Bridge House Collection.

Document No. 69.



The collection of MSS. generously given to the Museum by Miss Quayle and Mrs. Tomlin includes a most interesting document. It is endorsed: An Inventory of William Christian's goods, moveable & un-movable.

An Inventory of all ye goods movable & unmovable of Mr Wm Christian of Raynolds-way deceased & his widdow hath given upon oath to Itlr Quayle Atturney genrall & Mr Robt Calcott Coronr of Rushen Sheadinge whereof there is one half due unto yo Right Honrble Lord of this Isle & ye other halfe due unto ye widdow accordinge to ye Lawes of this Isle.


¶ In Kill loft 40 barrells of oates in ye farr house loft 24 barrells of oates
in yo Cattle house loft 45 barrells of barley
in ye old house 4 hogs-heads 3 Tubbs 3 barrels priced to 18s

¶ In ye Stable 7 carres 5 straddles 4s 100 oke poules & 4 oulder poules its vjd on(e) old plue [plough] & old plue beame & other peeces of old Tymber 4s 4 peeces of [Toyly] is 4d on old Chist & hatchett 3s 6d 7 Skines 4s 3 pike forkes 2 grappes 3s 2 hackes 2 Mankes spaddes 2 English spaddes 4s on(e) saddle & bridle 8s ye old beame ye old carther geares 5s

¶ In ye Oxe house a old wearne & paire of wheeles 12s 2 plues [ploughs] & old cart 5s a Coop & paire of wheeles 2lb 10s

¶ In ye hall a table frame & forme tens, one settle threes, a Chist a deske & 3 small boxes 7s one old Chist 2s 6d 2 Chaires 3s 6d, a paire of Tables 5s 2 Cov"ed Stoules 5s 191b of white woolen yarne 10s a paire of boutes 10s a linnen wheele & woolen wheele 3s 6d.

¶ In the Parler 1 Table & frame llb 10s 4 throne Chaires 8s 6d on(e) Rowne Table frame 10s 3 Carpetts 12 s. 7 Cussens 10s, a wooden Handish 2s 6d a blue stoule & Chaire 3s 6d 2 letther Chaires & lether Stoules 7s.

¶ In Patricks loft 4 paire of harrowes 16s all els in Patricks loft savinge yo Iron and ye Tarre 14s 8d.

¶ In his owne Chamber of ye best pewter fourscore beatinge one 31b 19s.

¶ 30lb of old pewter llb 5s 16 lb of raging Pewter 10s 13lb Chamberpot Pewter. 3s 8d 7lb & half of Candlesticke Pewter 4s a stile an closse Stoule 121b 8s old brasse Candle-stickes 5lb & ei 4s 6d 51b & ei of linnen yarne 5s one peece of Corke and of Tan'd lether 3s 2 dossen of Pewter Spoones 2s 2lbs & ei of Plate 81b 2s.

Note : 'ei' indicates a half.

¶ five Muskett barrells & a old Stocke sent to ye Castle.

¶ More in his owne Chamber 7 paire of y_ best Sheetes an a od one 31b 15s 12 paire of yo second soart of Sheetes 41b 10s 7 paire of ye course Sheetes llb 16s 13 Pillo beares 16s 20 & one Flaxen Napkins 12s 10 french Cloath Napkins 8s one dozen of Manske Cloo Napkins 9s 8 Tray Napkins Table Cloath 14s 24 Course Napkins & Table Cloath 10s 6 Touells 6s 2 large Table Cloathes 15s 4 Table Cloathes llb. 5 Cuppert Cloathes 13s Her owne bed an Cloathes 21b. One Trunkell bed & Cloathes belonginge llb 10s a old Chist 6s a wenscoate Chist 12s one old Trunke 6s a warming Pan 4s one Stoule 2s 6d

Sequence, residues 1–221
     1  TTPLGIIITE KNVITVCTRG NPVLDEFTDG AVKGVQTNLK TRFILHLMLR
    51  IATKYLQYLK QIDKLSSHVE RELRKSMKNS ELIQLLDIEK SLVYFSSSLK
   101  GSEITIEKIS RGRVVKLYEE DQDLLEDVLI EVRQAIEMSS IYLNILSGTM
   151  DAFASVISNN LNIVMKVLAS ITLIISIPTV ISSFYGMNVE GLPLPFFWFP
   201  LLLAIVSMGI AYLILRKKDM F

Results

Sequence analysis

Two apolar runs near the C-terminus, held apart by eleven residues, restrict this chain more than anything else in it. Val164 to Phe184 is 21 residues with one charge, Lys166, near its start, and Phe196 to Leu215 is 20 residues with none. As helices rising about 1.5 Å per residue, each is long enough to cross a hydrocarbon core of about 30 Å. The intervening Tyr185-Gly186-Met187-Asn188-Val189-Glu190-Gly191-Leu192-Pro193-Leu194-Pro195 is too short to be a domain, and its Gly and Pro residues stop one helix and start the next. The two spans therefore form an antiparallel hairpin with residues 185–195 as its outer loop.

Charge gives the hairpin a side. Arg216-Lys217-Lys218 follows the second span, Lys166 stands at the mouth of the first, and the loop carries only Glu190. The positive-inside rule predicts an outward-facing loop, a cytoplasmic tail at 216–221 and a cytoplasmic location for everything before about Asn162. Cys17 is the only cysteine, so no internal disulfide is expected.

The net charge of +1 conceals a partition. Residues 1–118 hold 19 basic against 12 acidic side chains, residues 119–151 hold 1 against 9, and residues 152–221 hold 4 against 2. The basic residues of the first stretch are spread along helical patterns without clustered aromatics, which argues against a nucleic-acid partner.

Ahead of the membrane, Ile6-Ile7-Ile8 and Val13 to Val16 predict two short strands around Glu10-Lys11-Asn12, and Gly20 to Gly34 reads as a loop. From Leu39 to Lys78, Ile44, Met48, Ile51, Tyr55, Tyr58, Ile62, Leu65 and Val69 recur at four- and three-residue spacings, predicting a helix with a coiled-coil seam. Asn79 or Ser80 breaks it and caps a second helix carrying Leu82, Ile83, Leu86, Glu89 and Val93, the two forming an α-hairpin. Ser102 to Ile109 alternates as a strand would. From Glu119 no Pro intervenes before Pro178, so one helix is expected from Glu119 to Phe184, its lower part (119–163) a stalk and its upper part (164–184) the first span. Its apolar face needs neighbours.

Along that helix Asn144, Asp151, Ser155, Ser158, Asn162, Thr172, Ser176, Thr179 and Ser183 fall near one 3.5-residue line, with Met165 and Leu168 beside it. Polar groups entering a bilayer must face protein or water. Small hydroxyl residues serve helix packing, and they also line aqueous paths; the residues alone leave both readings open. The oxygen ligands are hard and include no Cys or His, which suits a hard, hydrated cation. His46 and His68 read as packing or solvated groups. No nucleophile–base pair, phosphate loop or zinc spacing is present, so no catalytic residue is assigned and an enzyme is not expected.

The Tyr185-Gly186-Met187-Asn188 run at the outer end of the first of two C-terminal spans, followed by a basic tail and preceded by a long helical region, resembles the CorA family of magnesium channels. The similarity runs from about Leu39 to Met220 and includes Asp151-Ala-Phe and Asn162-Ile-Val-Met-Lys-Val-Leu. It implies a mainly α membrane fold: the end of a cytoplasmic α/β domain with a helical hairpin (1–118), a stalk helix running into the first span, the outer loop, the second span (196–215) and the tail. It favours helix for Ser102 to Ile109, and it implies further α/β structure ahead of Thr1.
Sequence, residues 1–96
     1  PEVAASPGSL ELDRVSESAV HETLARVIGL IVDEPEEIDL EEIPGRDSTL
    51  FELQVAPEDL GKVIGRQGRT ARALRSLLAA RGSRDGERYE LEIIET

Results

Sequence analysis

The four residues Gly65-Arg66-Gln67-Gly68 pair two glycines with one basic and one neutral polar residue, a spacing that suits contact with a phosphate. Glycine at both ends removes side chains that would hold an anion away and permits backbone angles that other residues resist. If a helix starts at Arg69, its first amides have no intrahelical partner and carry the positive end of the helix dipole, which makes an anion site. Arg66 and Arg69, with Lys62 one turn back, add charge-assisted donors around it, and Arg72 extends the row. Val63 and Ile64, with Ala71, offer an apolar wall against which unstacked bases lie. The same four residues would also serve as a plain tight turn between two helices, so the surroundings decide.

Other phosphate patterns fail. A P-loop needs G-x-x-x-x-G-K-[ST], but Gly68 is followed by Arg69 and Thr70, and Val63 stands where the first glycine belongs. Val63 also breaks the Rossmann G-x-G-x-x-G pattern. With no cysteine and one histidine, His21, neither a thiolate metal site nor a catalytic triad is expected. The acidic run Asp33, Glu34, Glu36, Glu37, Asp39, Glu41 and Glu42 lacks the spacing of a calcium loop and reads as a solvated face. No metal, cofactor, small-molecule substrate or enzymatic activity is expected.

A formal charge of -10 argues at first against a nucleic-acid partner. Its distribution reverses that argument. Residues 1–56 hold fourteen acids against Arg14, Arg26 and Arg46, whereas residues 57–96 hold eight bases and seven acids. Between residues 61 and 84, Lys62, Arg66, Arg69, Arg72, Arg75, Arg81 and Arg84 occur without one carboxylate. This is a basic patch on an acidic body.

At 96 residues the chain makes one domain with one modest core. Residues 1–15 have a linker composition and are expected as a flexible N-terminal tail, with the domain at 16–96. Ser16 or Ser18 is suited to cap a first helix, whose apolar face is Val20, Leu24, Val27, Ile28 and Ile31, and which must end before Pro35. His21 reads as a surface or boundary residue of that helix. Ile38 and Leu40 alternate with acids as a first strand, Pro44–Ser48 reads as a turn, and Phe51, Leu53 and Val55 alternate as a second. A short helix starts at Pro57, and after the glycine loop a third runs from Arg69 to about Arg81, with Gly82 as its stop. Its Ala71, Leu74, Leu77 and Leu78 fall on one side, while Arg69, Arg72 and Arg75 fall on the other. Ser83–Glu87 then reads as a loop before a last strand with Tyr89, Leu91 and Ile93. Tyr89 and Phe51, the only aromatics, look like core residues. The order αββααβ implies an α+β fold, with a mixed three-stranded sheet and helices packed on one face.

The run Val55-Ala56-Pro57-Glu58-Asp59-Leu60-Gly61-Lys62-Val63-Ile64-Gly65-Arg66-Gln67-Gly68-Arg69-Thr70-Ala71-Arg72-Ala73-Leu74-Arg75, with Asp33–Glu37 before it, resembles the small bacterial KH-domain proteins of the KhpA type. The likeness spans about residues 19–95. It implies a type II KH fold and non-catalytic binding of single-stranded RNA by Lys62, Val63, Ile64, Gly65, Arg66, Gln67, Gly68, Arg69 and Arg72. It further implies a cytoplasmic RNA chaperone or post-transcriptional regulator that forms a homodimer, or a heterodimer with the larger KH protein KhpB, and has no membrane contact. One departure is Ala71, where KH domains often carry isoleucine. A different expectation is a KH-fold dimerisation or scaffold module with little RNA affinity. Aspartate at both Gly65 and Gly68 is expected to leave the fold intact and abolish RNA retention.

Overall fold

¶ In ye Clossett Chamber a bed an[d] Cloathes 2lb 15s on[e] Chist bound wth Iron 7s on[e] Boxe 4s 2 Chaires & old Stoule 4s 2 old Trunkes & old small firkin 6s 2 doz. yards of red Cloath 21b 6s on[e] Trounke 5s on[e] Cubbert & Cussen l1b 4 French Chaires 4s 5 blue stoules & Chaire 18s ye best Bed & cloathes 71b 10s a Trounkell Bed & cloathes 21b 10s 4 Stoules & Tables 10s 6 glasse bottles & on[e] looking glasse 6s

¶ In Buttry Chamber: ye best stand bed an[d] cloathes 61b another stand bed & cloathes 21b 15s a table & frame a old chist stoule llb. ~ In ye old Deemster's Chamber: ye cloathes of ye bed & ye bed 31b. a trounkell bed & blankett coverlett 21b 5s. on[e] old Chaire on[e] stoule 6s. a Table & frame 6s all thinges upon ye high loft 15s.

¶ In my antes Chamber: a bed steed & hangings & trounkell bed llb 2s a small prest 12s. a small Table & frame 8s.

¶ In ye buttry all ye Earthen weare upon ye Cubbert 6s ye Cubbert itself llb 3s. 3 dozen Trounkell (i e., Truckle) bed : a low bed on wheels. of Threncers 3s a old chist 5s a small canvas ( ?) Is. a baskett to take away ye Table 1s. 2 hogsheads 2 barrells 5 firkins & a old salt barrell & Cubbert 11b 2s. 24 Cowes & a yearlinge 401b. 6 heifers 3 steeres 131b. 12 of 2 year old 121b. 8 of one year old 51b 19 oxen 431b. 14 horses maires & coults 271b sixe score sheep young of [and?] old 201b.